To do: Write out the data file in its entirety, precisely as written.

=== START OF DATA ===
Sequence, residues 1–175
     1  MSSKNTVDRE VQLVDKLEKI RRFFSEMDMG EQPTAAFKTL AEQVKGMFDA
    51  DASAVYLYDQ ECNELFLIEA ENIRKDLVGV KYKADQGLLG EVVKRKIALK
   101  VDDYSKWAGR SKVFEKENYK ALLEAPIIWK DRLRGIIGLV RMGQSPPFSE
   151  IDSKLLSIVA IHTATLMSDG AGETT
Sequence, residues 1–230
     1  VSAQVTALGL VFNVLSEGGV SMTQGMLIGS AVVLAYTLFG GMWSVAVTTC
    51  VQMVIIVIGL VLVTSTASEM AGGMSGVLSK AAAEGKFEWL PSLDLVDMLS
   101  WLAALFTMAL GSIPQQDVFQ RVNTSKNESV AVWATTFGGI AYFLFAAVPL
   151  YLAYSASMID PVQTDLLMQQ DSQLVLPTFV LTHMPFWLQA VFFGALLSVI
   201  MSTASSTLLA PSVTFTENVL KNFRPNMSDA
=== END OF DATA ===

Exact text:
Sequence, residues 1–175
     1  MSSKNTVDRE VQLVDKLEKI RRFFSEMDMG EQPTAAFKTL AEQVKGMFDA
    51  DASAVYLYDQ ECNELFLIEA ENIRKDLVGV KYKADQGLLG EVVKRKIALK
   101  VDDYSKWAGR SKVFEKENYK ALLEAPIIWK DRLRGIIGLV RMGQSPPFSE
   151  IDSKLLSIVA IHTATLMSDG AGETT
Sequence, residues 1–230
     1  VSAQVTALGL VFNVLSEGGV SMTQGMLIGS AVVLAYTLFG GMWSVAVTTC
    51  VQMVIIVIGL VLVTSTASEM AGGMSGVLSK AAAEGKFEWL PSLDLVDMLS
   101  WLAALFTMAL GSIPQQDVFQ RVNTSKNESV AVWATTFGGI AYFLFAAVPL
   151  YLAYSASMID PVQTDLLMQQ DSQLVLPTFV LTHMPFWLQA VFFGALLSVI
   201  MSTASSTLLA PSVTFTENVL KNFRPNMSDA